According to another Kenyan community leader who has worked with the community for many years, “The problems within the Kenyan community are just beginning and they will get bigger,” Pastor Shadrack Ruto told KEN in an interview. Ruto, who is the senior pastor of Upendo Baptist Church in Dallas, Texas, told KEN that the crisis in the community is being highlighted by the breakdown in community fellowship. The pastor describes how some of the Kenyans analyze the historical development of the Kenyan-American Community. According to analysis by people close to him, there are those Kenyans who came to America in the ‘80s. These were disciplined individuals whose sole purpose was education. They were accountable to the educational institutions and generally stayed in school, joining the American workplace and holding good family values after graduation. Many went back to work in Kenya to help build the nation. Then there is a group which came in the ‘90s. The majority of those in this group came for economic reasons. Kenya was going through economic hardship and the government of Moi was doing nothing about it. Many Kenyans were looking for a way out. When they came to America, their focus was on making money. This meant illegality and with illegality comes a life of underground actions that may sometimes be illegal. Then there is the crowd that arrived after 2000. Many of these immigrants have no values and morals. Among these are those who do not come to school, but submit to an uncontrolled social discipline. They are involved in illegal businesses, alcoholism, and nontraditional Kenyan behavior. Though Pastor Ruto does not share the exact sentiments of the analysts, he does acknowledge that there is a growing change in Kenyan community morality and values. “The social, economic, psychology, and cultural values of individual Kenyan immigrants depends upon where they Land. If one is welcomed by a community of Kenyans who have no value of education, the individual will not go to school. If one arrives in the neighborhood of illegal workers, the individual will become illegal and work undercover.” The community that receives you in America shapes you.
Both Dr. Nagi and Pastor Ruto hold the same belief that there is a greater social health among Kenyans who are a part of a church-based or an education-based fellowship. These two entities provide a discipline that promotes better values than the empty chasing of the American dream. These contentions, though true, do not go far in settling the problems facing the Kenyan community given that Ms. Kuria was a member of a Kenyan community church and fellowship. What is true in this country is that the Kenyan community needs to come out of hiding and face its community needs. Kenyan church leaders have tried to bring the community together but they have found themselves facing the ancestral problems Kenya faces. Tribalism has historically eroded the cohesion of Kenyans in Kenya and unfortunately here in America. And until recently, the Kenyan Embassy in Washington was in social dormancy.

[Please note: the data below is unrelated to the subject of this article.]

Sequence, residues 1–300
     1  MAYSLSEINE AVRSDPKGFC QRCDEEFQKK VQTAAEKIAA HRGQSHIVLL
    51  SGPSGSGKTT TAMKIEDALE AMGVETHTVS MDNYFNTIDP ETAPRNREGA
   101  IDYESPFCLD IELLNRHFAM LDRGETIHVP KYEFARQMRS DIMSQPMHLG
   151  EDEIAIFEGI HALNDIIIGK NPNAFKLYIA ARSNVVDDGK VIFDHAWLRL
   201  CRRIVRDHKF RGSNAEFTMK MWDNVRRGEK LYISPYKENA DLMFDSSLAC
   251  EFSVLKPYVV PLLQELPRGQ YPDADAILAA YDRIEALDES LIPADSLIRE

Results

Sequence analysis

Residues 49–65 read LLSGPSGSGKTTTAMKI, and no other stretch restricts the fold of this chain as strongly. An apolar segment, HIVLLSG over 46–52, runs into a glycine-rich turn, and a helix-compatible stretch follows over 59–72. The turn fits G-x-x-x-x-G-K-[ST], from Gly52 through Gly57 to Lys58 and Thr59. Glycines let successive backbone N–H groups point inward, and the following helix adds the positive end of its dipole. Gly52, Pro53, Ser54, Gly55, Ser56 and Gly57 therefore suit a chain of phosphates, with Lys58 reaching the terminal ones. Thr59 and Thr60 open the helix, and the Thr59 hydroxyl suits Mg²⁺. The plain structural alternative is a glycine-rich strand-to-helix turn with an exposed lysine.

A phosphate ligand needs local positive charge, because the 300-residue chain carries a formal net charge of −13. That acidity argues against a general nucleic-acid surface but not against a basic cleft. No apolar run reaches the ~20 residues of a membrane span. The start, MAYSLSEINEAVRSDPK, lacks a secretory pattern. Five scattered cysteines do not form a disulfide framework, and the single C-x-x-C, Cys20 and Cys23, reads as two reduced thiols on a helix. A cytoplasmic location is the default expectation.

One of the solutions to the growing Kenyan youth violence is a call from many Kenyan leaders for Kenyans to send their Kenyan-American teenagers to Kenya before their children turn 16. According to Dr. Nagi the decision to send his three teenage children to Kenya for a year in Kenyan schools was the best decision he ever made. “My daughter and two sons are better people and understand the historical Kenyan values of life, family, and community responsibility after spending a year in Kenya.” He explains that he sent his children to Kenya when he discovered that his theoretical instructions were not enough. “Parents must aggressively be involved in their children’s lives. They must make a decision to shape their children’s future.”
Pastor Ruto agrees with Dr. Nagi and challenges the Kenyan family to go back to its roots—to not only find that good Kenyan nature, but to remember that there is great value to be found in the fellowship of Christ. “We are religious people historically, and within our development, the body of Christ has been the foundation for our good and gracious society. Our community’s stability lies within the realization that man is fallen and it is this nature that boils into criminal behavior.”
Where there is smoke, there is fire. A people can either ignore the smoke until the fire burns down a house, or they can put it out and save themselves and their children. The undercover and segregated tribal and social behavior guarantees that the Kenyan community will continue to see itself “smoke”. A few years ago many Kenyans were arrested for possessing fake social security cards. Many were deported but never left. They are so deep undercover they cannot even find themselves. We also have Kenyan teenagers who are not able to attend college because of their parents’ illegal status.

Given the pro-community administration at the Kenyan Embassy in Washington, it is time that both the social, religious, and Kenyan government representatives in America merge together to address the issues facing the Kenyan community. The office of the Permanent Secretary for the Ministry of Foreign Affairs in Kenya has begun to engage Kenyans in the Diaspora. The challenge for the Office is to help the Kenyans who are here illegally due to immigration technicalities become legal.
There is a false modern philosophy propagated by President Kibaki’s administration that the foundation of community health is economics. However, history teaches us constantly that a strong moral and family tradition is essential to social, political, and economic well being of any community, including our own. “Asiye fundishwa na mama yake hufundishwa na Ulimwengu.” Yes, and the ”Ulimwengu” has no mercy or grace.